• The pyramid of biomass has two forms inverted and upright pyramids
      • The aquatic ecosystem is characterized by an inverted pyramid because phytoplankton producers are located at the base of the pyramid, while consumers have larger biomass and they are located at the top
      • Upright pyramid example is the terrestrial ecosystem. It has a large base mainly consists of primary consumers, the smaller trophic levels are located at the top
    • This pyramid can be used to solve the particular issue in the pyramid of numbers because it shows the exact representation of the amount of energy present in each trophic level.
      • When there is a reduction of biomass with a rise in trophic levels, it signifies wastage and consumption of biomass at every transfer level.
    • Limitations
      • It’s actually impossible to measure the mass of every single individual. Only a sample is taken, this leads to mistakes
      • Also, the specific time of the year when data is taken should be put into consideration, since breeding seasons in different organisms differ

Upright Pyramid of Biomass & Inverted Pyramid of Biomass

  1. Pyramid of Energy
    • Pyramid of energy is an upright pyramid that illustrates the flow of energy from producers to consumers
    • It indicates the actual role played by various organisms in energy transfer. Energy pyramids indicate how much energy is required in the next trophic level as it flows upwards
    • The pyramid of energy is based on the concept of the flow of energy in a food chain proposed by Lindemann.
      • According to Lindemann’s energy flow model, “only 10% of the total energy is transferred to the successive trophic levels and creating the biomass”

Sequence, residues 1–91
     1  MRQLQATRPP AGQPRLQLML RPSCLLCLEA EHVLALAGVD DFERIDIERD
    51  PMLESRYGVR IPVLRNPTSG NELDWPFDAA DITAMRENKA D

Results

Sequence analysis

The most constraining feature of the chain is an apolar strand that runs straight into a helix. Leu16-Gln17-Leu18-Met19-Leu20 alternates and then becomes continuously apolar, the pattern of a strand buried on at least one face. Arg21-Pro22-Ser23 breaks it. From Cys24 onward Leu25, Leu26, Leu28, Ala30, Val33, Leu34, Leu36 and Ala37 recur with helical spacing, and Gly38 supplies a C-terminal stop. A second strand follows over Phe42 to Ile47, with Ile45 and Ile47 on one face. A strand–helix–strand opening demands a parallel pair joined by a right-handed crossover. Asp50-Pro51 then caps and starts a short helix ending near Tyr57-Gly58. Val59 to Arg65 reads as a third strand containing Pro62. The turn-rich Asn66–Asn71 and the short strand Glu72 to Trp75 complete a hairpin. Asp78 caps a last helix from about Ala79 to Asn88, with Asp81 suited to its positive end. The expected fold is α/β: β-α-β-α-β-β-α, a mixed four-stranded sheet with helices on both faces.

• Remaining is utilized in respiration, hunting, and other activities or is lost to the surroundings in the form of heat.
      • Hence the energy available at each trophic level is 10% of the previous level. It is called the ten percent law of energy
    • This leads to the formation of an upright pyramid of energy that is invariably formed in each ecosystem.
      • The energy is highest at the producer level and gradually decreases as it moves to the subsequent levels, including herbivores (primary consumer), carnivores (secondary, tertiary consumers)
    • An example of the pyramid of energy can be illustrated as below:

Significance of Ecological Pyramid

  • An ecological pyramid not only shows us the feeding patterns of organisms in different ecosystems, but can also give us an insight into how inefficient energy transfer is, and show the influence that a change in numbers at one trophic level can have on the trophic levels above and below it
  • Also, when data are collected over the years, the effects of the changes that take place in the environment on the organisms can be studied by comparing the data.
  • Further, If an ecosystem’s conditions are found to be worsening over the years because of pollution or overhunting by humans, action can be taken to prevent further damage and possibly reverse some of the present damage

Limitations associated with ecological Pyramid

  • Some organisms such as fungi and microorganisms have not been given specific roles in the pyramids despite the fact that they play a vital role in the ecosystem
  • These existing pyramids are only applicable to simple food chains, which sometimes do not necessarily occur naturally
  • None, of the three ecological pyramids, deliver any concept in-relation to variations in seasons and climates
  • They also lack to consider the possibility of the existence of the same species at different levels